Thursday, April 24 2003
In its focus on these reunited '60s folkies, 'Wind' engages in that most virulent form of nostalgia: '60s-itis.
Memory is a tricky business. So are movies that mess with it.
Amanda Peet, not incidentally, throws some fine, even sublime, attitude.
It's not even Blair Witch II, which pretty much makes it the worst movie ever set in the woods.
Bill Paxton's banal banter and overacting alienate us, as we try to ignore him and focus on the live-action images of Titanic.
They meet at King's club, where he's auditioning strippers: Dustin Hoffman, big pimping.
To even things up, perhaps, or because he's bored, or because it's so easy, Ben cheats.
Thursday, April 17 2003
Like most such slapdashy juggling acts, Malibu's Most Wanted can't keep all its balls in the air.
Doubles all stakes of the original film, and more elaborately, of the remaking process.
Goes spiritual by stopping the gunplay while characters get all misty-eyed over otherworldly butterflies.
Has a couple of ideas rattling around in its head, ideas that are -- or could be -- strangely relevant.
Friday, April 11 2003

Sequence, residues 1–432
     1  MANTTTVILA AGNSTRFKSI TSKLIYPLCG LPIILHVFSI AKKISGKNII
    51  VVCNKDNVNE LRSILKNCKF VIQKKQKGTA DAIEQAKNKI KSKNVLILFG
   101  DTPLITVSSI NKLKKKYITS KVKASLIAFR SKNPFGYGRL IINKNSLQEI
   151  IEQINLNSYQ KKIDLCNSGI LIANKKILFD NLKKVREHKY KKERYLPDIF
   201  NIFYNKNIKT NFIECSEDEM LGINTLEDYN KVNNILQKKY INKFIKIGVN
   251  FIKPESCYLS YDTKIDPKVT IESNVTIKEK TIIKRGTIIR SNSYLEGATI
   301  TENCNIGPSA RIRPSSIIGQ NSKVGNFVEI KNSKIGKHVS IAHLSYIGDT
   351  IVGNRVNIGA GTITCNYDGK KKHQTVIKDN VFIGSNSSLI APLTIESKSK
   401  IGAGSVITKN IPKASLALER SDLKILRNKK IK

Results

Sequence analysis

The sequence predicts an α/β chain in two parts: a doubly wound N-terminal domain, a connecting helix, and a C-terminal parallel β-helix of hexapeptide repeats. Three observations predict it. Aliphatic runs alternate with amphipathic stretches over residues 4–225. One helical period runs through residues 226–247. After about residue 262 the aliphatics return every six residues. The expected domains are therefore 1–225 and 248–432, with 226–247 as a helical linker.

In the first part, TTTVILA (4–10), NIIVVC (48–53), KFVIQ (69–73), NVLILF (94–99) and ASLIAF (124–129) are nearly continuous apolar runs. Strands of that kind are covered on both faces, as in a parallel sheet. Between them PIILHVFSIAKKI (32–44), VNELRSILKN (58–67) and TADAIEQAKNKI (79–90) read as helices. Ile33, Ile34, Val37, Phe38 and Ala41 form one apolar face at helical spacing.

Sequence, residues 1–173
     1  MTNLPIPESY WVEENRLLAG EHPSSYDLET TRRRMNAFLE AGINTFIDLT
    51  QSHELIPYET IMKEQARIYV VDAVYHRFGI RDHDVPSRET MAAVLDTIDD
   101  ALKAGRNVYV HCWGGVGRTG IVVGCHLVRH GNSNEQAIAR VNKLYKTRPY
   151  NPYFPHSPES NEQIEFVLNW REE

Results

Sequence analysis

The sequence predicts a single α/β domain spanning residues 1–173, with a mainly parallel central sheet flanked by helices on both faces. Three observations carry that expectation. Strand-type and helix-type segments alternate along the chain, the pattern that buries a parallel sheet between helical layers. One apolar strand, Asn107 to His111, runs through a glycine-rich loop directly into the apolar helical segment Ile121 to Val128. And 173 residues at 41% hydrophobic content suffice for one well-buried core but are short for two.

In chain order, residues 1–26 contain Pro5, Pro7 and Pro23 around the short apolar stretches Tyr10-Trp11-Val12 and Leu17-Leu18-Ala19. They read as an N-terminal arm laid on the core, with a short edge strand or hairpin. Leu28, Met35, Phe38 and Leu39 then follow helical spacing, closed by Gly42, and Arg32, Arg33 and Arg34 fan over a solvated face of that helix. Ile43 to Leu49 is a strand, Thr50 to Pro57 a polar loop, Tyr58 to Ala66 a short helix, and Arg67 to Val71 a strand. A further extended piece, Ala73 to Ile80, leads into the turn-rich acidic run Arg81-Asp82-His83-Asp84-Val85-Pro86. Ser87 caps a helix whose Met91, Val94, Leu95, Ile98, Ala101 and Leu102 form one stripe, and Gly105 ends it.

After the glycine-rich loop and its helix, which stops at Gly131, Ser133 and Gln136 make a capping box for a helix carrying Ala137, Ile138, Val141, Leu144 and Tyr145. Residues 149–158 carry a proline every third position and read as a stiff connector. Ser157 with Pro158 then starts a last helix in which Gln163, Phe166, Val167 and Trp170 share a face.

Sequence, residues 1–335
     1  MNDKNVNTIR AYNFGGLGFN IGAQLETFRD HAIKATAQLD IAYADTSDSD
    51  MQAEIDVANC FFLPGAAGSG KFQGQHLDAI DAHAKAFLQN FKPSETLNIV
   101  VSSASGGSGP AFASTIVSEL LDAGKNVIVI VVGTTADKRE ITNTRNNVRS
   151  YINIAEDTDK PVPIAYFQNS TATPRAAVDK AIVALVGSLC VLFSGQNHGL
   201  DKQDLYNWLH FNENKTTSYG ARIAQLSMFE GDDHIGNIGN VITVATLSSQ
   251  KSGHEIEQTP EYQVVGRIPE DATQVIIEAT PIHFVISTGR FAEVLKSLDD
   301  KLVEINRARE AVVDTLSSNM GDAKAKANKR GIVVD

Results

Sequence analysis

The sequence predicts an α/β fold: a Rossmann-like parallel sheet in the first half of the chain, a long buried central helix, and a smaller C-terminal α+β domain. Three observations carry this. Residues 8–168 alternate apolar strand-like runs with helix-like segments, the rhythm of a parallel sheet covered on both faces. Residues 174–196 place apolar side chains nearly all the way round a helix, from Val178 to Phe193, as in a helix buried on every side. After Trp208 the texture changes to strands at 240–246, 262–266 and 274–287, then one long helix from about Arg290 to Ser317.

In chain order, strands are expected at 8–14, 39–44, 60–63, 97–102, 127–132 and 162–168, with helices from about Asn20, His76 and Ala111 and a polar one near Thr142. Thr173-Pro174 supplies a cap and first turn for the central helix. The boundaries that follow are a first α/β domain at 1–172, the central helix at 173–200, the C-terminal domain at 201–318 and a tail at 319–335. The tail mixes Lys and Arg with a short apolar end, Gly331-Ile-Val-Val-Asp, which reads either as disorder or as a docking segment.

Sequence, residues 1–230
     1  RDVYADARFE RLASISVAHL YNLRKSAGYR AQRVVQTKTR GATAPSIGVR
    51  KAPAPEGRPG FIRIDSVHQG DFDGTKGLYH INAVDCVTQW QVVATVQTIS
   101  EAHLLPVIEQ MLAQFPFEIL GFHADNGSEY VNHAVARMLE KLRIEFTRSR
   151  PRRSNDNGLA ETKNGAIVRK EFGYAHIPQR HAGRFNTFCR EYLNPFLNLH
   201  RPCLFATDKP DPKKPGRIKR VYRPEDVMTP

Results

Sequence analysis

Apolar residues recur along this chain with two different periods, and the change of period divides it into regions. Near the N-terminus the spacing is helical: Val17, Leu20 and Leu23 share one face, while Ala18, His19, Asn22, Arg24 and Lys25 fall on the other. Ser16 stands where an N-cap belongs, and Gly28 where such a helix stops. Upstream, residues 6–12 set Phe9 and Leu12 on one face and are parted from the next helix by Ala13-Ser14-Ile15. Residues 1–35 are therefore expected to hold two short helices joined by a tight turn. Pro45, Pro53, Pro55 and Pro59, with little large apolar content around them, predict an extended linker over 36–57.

Daphne is cooler, thinner, and just plain hotter than her secretly envious rivals.
Boasting that it includes more than 5,000 edits, Jonas Åkerlund's feature debut offers glimpses -- very fast -- into life on speed.
'It is not 'just' a movie. What hinges on this release is so much larger than the film itself.'"
Dave (Adam Sandler) grumbles okay, to everything, his face reorganized into a permanent twist.
Monday, April 7 2003
Jean Gabin compels our attention as much through stillness as through visible exertion.
Carpenter refuses to reduce the violence to a sideshow of blood squibs or special effects pyrotechnics.
Thursday, April 3 2003
A function of increasing anxieties about security, surveillance technology, and loss of privacy, this sniper is symptomatic.
It's sad that the wife is dead, of course. More painful is the death scene per se, as Vin Diesel has to play something approximating tragedy.
Even the most generous viewer is hit by the absence of rationales, however bizarre or slender, for the film's plot turns.